Well, depending on the situation. A good portion of Bruney's weight loss can be credited to distance running, though he won't be registering for the New York City Marathon anytime soon. That cardio work is a major reason why Bruney has been able to keep his diet in check.
"I can tell you exactly how many miles everything is," Bruney said. "I'm too careful now. There's no reason for me to have six beers or a double cheeseburger. It's absurd to me. I can make healthier choices."
It beats paying the price. Bruney actually says he hates running and needs to trick his mind into thinking he can go further -- first, just a mile, then to 10 minutes, then just five more minutes on to 15. The most important thing is that, at the end of the day, the work gets done.
"I'm not running thinking that it's going to make me a better player," Bruney said. "I don't run the ball to the plate. I just think that I'm getting into better shape. I'm thinking about everybody in the room -- coaches, players -- and that my job this year is pretty important. I know I can't watch TV and sit on the couch and feed my face all day."
Since he now showcases more energy, Eiland said that he has to fight Bruney back at times when the hurler tinkers with other pitches in the bullpen, assuring him that what he has is enough. That confidence tells Eiland that more success could be around the bend for Bruney.
"His mind is in the right place and he's figured some things out for the better," Eiland said. "It's a great thing. I give him a lot of credit for what he's done, and he's going to play a big part for
Wednesday, March 11, 2009
Brett M. Gardner (born August 24, 1983 in Holly Hill, South Carolina) is an American Major League Baseball outfielder for the New York Yankees.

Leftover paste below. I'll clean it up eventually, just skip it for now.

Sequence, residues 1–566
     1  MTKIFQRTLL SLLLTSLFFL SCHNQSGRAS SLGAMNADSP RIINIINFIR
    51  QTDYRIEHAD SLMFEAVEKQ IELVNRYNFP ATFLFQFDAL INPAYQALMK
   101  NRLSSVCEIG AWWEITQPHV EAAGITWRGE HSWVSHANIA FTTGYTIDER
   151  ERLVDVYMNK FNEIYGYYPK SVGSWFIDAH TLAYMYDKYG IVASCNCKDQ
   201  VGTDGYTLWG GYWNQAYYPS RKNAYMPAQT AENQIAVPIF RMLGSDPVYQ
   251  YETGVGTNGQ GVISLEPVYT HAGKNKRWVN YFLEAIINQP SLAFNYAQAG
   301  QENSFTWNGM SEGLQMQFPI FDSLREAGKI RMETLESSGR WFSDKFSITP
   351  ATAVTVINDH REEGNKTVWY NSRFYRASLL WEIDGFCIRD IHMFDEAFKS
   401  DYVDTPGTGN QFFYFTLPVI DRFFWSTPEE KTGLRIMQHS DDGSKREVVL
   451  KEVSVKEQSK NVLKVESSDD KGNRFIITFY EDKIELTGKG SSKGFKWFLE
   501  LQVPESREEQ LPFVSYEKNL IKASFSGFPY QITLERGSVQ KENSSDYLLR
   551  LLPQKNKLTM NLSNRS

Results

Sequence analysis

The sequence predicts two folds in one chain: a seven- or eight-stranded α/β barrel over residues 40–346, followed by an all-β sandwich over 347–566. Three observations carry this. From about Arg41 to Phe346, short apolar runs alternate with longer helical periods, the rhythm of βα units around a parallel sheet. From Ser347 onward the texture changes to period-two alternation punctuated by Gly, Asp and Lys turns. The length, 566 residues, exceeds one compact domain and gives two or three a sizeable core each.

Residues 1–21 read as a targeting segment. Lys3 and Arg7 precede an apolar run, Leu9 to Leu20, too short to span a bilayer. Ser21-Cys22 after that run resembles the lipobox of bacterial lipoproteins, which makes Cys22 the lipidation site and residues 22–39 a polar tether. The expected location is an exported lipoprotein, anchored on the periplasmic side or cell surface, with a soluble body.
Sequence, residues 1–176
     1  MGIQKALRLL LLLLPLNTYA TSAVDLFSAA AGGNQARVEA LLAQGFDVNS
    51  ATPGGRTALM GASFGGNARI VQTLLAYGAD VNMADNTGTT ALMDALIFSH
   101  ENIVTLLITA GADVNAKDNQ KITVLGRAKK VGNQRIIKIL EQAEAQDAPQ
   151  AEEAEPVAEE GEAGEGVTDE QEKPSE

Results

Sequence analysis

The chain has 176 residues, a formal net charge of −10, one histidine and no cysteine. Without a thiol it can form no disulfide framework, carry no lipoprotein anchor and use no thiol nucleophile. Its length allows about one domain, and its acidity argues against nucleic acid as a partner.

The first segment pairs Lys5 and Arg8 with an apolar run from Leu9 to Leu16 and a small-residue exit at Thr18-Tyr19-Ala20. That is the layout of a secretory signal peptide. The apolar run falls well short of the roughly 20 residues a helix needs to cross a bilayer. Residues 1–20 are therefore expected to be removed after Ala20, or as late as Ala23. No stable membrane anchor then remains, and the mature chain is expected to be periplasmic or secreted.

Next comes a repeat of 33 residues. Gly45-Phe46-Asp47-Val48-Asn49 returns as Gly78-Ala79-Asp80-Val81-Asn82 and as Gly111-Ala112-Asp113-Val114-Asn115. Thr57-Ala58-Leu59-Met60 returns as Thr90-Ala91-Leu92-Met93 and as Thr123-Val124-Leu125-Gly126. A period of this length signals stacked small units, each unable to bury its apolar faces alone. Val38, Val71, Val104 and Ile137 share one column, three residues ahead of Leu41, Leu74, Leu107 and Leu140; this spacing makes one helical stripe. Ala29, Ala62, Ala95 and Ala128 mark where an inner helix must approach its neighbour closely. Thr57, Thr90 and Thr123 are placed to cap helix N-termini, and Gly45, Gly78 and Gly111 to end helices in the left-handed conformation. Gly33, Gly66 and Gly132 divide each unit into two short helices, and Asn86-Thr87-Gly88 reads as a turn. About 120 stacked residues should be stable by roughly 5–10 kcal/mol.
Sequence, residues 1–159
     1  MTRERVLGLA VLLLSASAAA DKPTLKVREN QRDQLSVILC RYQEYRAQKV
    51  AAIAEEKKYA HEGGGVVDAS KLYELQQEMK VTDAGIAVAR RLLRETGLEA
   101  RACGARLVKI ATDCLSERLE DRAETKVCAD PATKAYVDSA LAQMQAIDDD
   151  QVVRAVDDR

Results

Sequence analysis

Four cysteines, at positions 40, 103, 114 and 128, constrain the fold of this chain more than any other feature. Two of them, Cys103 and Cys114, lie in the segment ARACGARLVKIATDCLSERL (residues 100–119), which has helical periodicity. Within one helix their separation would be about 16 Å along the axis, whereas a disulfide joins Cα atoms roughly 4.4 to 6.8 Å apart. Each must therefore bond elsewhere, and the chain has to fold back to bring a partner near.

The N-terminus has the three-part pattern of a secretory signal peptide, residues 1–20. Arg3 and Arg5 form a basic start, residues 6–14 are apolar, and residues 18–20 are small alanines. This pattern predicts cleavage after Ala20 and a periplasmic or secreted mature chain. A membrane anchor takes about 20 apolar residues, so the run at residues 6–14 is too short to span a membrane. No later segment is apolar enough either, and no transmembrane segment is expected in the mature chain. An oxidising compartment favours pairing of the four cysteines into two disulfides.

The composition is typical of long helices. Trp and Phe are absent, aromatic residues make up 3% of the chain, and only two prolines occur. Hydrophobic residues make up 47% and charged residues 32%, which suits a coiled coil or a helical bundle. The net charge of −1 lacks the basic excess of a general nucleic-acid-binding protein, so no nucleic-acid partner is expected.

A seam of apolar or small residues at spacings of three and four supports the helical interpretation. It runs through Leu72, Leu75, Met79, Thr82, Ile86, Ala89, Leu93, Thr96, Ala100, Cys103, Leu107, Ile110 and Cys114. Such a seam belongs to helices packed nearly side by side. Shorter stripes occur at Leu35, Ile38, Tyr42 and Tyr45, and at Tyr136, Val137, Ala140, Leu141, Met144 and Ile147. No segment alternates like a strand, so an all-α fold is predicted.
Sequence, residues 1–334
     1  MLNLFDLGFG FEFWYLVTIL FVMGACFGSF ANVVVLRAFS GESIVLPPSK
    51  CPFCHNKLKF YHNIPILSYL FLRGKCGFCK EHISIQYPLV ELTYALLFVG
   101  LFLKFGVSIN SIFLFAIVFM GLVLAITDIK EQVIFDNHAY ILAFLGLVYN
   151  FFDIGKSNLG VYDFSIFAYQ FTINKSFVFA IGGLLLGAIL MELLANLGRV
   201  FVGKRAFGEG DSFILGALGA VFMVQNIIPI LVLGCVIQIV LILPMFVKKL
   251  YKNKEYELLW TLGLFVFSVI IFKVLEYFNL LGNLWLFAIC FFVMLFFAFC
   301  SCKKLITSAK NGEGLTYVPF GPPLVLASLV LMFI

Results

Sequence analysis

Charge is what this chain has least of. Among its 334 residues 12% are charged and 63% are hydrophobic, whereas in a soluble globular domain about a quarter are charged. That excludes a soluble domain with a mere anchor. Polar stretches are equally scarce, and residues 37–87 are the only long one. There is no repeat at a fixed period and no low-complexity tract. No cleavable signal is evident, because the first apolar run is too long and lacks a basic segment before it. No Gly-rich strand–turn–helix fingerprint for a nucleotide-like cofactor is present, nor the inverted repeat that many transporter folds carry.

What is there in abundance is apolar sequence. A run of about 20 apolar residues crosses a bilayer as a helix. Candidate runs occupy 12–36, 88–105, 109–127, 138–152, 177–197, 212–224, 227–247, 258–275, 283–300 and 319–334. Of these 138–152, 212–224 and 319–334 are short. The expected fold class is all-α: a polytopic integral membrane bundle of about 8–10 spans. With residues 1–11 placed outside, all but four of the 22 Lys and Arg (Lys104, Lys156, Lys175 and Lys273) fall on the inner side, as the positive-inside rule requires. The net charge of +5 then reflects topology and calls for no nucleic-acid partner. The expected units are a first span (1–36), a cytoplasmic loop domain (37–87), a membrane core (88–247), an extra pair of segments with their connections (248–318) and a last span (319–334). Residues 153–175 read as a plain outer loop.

Gardner, who is 5' 10", plays center field and bats and throws left-handed. In 2007, he was the 10th rated prospect in the Yankees minor league system according to Base America
Gardner was a walk-on and three-year starter at the College of Charleston (CofC). In 2004, he was a Southern Conference All Star. His .447 batting average was third in the nation in 2005, and his 122 hits tied for the most hits in the country. His 85 runs in 2005 is the all-time record at CofC, and his 38 stolen bases led the Southern Conference. He wrapped up his Cougar career as a third team All-American and Southern Conference all-star, sporting a .382/.456/.508 career line, mostly from the lead-off spot.
He was drafted in the 3rd round in 2005 by the Yankees after his junior year, and received a $210,000 bonus.
Gardner adjusted well to wood bats in 2005, and finished the season in the New York-Penn League season ranking 5th in at bats (with 282), 2nd in runs (62), and 5th in stolen bases (19).
He was a Florida State League all star in 2006, batting .323 in 63 games with 22 RBIs with the Tampa Yankees. He was 3rd in the Florida State League in batting average, and led the league in stolen bases with 30. Gardner also was second in the league in walks with 47.
In 2007, he played 54 games for the Double-A Trenton Thunder, though he missed time with a broken bone in his hand. In 203 at bats, he stole 18 bases (tied for 5th in the league; while being caught 4 times), hit 5 triples, and batted .300 with a .392 OBP, before being promoted to Scranton/Wilkes Barre. There, in 45 games he batted .260 with a .343 OBP, and stole 21 bases while being caught only 3 times.